Shadow of War also makes significant changes to the skill trees and the upgrade mechanics, which, as you can imagine, have a pretty big impact on how you play the game. After unlocking your main abilities, you now have to select one of several available minor upgrades for each of them- and only one of them can be active at a time. This means that you can now upgrade and customize Talion the way you see fit, upgrade his abilities to suit the way you play, rather than following a strict path the game has set for you.
"Shadow of War is not perfect, and it needs polish and refinement in a few areas, but thanks to its addictive loop of emergent gameplay and the sheer number of things to do here, it’s definitely a game worth playing."
From a technical standpoint, Shadow of War is, despite a few rough edges, pretty decent. It’s not a bad looking game, and some of the landscapes it portrays are beautifully rendered, while the varied enemy design and the way Tolkien’s world has been brought to life has to be appreciated as well. Still, there are some rough textures here and there, while some of the character models lack detail and have choppy animations and lip syncing. These are minor issues, yes, but they don’t go unnoticed.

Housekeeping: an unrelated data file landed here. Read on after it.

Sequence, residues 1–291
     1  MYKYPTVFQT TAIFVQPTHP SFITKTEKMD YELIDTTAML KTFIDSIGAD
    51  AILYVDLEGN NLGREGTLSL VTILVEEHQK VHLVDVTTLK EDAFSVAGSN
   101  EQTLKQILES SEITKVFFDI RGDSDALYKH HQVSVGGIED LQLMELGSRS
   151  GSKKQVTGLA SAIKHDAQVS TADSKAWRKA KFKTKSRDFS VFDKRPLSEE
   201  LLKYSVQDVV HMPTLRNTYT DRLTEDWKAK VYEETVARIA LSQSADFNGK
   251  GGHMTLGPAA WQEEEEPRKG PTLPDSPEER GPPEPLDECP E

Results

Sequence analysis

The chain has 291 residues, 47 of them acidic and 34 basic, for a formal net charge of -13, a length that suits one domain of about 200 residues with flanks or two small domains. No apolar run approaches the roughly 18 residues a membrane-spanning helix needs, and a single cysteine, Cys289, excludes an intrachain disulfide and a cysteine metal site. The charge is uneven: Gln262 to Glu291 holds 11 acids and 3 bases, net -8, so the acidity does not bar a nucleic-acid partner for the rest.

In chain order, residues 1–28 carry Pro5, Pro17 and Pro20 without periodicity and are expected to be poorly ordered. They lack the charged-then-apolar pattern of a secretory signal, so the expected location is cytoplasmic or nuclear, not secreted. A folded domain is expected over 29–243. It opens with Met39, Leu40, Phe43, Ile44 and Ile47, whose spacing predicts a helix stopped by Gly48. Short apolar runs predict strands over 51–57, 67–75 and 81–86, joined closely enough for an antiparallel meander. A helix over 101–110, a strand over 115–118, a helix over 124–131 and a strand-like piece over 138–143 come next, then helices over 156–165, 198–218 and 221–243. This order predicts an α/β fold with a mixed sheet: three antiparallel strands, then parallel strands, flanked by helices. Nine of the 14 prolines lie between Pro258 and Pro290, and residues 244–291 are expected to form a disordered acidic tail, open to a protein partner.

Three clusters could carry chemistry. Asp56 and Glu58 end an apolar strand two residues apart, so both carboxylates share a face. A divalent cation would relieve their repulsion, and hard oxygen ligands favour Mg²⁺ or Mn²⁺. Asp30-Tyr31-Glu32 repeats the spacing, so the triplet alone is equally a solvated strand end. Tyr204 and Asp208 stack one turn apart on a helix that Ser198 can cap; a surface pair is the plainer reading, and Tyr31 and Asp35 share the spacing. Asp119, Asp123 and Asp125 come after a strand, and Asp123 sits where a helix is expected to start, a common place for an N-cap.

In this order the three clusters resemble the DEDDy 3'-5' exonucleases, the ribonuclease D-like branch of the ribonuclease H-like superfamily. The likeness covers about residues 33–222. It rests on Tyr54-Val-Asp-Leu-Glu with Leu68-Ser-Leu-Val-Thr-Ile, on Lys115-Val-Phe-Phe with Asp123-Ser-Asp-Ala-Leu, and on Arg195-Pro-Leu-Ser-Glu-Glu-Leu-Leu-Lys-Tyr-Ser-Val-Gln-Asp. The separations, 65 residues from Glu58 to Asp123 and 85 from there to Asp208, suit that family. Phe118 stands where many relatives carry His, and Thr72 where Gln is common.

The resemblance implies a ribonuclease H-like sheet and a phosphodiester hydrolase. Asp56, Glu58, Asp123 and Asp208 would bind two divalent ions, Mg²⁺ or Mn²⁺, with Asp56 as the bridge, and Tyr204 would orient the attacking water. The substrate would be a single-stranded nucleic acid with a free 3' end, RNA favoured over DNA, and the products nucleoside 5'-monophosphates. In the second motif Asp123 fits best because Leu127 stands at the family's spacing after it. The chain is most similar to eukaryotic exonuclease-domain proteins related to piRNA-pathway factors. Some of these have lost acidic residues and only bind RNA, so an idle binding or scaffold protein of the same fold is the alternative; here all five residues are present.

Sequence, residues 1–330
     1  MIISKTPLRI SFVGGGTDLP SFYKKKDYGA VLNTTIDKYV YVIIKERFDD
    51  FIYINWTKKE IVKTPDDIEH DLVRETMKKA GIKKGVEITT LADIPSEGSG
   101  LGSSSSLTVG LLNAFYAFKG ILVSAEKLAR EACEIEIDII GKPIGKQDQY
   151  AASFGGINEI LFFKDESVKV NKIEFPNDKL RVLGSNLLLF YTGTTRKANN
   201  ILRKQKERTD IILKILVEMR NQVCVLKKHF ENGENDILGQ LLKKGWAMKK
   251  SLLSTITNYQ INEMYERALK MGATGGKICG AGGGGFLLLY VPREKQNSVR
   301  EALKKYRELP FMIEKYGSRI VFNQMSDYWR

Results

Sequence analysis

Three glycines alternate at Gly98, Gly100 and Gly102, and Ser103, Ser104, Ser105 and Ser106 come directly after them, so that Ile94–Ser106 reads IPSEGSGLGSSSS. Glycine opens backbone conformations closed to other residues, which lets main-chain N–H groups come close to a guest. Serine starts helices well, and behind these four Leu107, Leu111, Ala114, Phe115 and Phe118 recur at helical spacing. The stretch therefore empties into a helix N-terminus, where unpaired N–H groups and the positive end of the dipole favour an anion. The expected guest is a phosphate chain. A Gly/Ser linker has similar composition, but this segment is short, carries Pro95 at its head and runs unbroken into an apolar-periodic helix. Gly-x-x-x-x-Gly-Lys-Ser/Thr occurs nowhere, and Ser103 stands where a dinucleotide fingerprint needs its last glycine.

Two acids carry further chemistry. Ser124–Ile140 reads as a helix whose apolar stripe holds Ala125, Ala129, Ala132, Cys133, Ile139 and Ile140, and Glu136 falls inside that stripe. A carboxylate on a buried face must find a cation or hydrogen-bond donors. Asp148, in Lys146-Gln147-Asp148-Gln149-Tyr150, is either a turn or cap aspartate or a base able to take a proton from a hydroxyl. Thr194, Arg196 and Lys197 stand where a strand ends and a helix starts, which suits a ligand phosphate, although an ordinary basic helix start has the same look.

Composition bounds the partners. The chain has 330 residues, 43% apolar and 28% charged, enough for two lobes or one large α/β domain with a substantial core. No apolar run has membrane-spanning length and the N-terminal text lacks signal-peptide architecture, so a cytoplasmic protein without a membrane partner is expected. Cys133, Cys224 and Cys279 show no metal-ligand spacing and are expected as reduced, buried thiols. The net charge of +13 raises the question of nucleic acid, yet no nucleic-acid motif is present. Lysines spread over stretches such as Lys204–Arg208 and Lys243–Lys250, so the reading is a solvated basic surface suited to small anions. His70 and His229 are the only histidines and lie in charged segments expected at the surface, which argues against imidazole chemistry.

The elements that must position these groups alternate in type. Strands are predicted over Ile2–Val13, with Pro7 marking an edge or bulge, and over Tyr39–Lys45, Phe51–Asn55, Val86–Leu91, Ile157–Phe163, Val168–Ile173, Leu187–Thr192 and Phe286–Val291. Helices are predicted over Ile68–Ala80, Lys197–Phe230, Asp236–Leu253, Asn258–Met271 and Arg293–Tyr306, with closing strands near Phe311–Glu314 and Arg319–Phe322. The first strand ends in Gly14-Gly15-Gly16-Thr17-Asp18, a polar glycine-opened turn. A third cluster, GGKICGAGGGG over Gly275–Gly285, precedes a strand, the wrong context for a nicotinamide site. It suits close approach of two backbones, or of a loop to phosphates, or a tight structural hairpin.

I also feel like I have to mention the microtransactions. To be fair, the microtransactions in Shadow of War are nowhere near as ridiculous as what you might see in so many other games, and the content that is available for purchase can also be obtained in the game itself through grinding. Of course, that means a whole lot of grinding, and while it isn’t very obtrusive, the presence of microtransactions in a single player full priced game is still a little bizarre, to say the least.
Shadow of War is, ultimately, exactly what it needed to be. Its predecessor started off very well and set up a solid foundation to build on, and with the sequel, Monolith have managed to improve and evolve in all the ways one could have wanted them to. Shadow of War is not perfect, and it needs polish and refinement in a few areas, but thanks to its addictive loop of emergent gameplay and the sheer number of things to do here, it’s definitely a game worth playing.
This game was reviewed on the PlayStation 4.
Combat is exciting and addictive; Large map and varied locations; Addictive emergent gameplay; Nemesis system is bigger and better thanks to fortress sieges; Lore and narrative collectively do enough to keep players interested; Fluid and fast traversal.
Minor yet noticeable technical issues; Inconsistent writing and voice acting; Hectic siege battles can lead to frustrating moments during combat; Unskippable orc captain introduction cutscenes; Microtransactions.